Cyprus banks shut until Thursday
All banks in Cyprus will remain shut until Thursday, the country's finance minister has decreed.
Banks have been closed since March 16 to avert a run on deposits as the country's politicians struggled to come up with a plan that would raise enough funds to qualify for an international bailout.
An initial plan that would seize up to 10% of people's bank accounts had spooked depositors and was soundly rejected by MPs. All except the country's two largest lenders had been due to open on Tuesday after the country clinched an 11th-hour deal with the 17-nation eurozone and the International Monetary Fund to provide Cyprus with a bailout.
Without that deal, the country's banks would have collapsed, dragging down the economy and potentially pushing it out of the eurozone.
But the Central Bank said that "for the smooth functioning of the entire banking system, the finance minister has decided, after a recommendation by the governor of the Central Bank, that all banks remain shut up to and including Wednesday".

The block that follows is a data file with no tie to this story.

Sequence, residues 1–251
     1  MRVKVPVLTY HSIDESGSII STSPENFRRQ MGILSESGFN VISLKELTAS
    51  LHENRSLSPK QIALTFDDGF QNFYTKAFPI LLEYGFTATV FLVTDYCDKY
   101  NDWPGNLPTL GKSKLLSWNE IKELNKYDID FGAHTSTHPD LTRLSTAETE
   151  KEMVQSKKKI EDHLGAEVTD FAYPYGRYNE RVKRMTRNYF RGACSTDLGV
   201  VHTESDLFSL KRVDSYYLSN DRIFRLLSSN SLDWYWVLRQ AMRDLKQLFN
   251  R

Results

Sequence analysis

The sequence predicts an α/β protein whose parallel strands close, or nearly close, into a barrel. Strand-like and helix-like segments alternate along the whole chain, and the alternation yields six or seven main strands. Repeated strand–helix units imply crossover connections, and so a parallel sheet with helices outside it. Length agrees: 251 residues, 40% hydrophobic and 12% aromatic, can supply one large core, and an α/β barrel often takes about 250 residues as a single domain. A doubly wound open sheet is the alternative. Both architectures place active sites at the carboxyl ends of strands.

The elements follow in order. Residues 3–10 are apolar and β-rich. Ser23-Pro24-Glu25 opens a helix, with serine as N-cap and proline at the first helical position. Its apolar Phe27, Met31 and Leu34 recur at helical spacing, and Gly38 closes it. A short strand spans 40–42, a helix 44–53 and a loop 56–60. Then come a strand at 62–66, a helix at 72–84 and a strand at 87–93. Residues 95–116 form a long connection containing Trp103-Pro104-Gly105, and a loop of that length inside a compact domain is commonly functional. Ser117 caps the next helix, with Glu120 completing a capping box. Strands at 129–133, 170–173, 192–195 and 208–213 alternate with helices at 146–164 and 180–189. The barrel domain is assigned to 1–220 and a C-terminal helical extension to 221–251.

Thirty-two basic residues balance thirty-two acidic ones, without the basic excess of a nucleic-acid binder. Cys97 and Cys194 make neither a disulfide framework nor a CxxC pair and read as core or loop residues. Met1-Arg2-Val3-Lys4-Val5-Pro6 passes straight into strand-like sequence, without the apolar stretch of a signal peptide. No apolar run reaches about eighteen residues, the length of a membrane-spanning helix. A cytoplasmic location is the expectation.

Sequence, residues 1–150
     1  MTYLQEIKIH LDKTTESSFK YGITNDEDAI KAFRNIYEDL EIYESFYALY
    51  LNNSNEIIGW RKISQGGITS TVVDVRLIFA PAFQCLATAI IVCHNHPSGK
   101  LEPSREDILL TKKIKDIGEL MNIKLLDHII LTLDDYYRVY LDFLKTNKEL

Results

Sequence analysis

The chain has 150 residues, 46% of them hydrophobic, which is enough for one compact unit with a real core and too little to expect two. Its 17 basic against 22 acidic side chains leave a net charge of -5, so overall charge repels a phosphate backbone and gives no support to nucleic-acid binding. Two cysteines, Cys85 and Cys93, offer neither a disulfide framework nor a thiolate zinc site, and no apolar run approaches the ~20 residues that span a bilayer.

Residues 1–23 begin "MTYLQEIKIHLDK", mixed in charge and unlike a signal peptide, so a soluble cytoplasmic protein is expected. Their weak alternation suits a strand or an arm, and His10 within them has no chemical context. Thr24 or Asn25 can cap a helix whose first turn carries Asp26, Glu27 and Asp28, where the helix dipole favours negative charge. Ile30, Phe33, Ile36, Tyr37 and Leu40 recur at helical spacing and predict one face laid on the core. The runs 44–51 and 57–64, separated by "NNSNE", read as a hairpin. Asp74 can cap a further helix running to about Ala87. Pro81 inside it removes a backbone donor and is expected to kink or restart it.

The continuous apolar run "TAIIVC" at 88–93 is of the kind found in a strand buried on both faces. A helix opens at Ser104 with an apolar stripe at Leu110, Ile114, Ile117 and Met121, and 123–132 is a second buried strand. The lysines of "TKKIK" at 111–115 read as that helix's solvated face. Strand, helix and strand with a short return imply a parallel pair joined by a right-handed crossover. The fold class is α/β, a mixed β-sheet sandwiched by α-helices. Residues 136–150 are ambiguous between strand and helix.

ATMs have been functioning, but many run quickly out of cash, and a daily withdrawal limit of 100 euros (£85) was imposed on the two largest lenders, Bank of Cyprus and Laiki. Under the deal reached in the early hours of Monday morning in Brussels, Cyprus agreed to slash its oversized banking sector and inflict hefty losses on large depositors in troubled banks to secure the 10 billion euro (£8.5bn) bailout.
The new plan allows for the bulk of the funds to be raised by forcing losses on accounts of more than 100,000 euros (£85,000) in Laiki and Bank of Cyprus, with the remainder coming from tax increases and privatisations.
People and businesses with more than 100,000 euros in their accounts at Laiki face significant losses. The bank will be dissolved immediately into a bad bank containing its uninsured deposits and toxic assets, with the guaranteed deposits being transferred to the nation's biggest lender, Bank of Cyprus.
Deposits at Bank of Cyprus above 100,000 euros will be frozen until it becomes clear whether or to what extent they will also be forced to take losses. Those funds will eventually be converted into bank shares.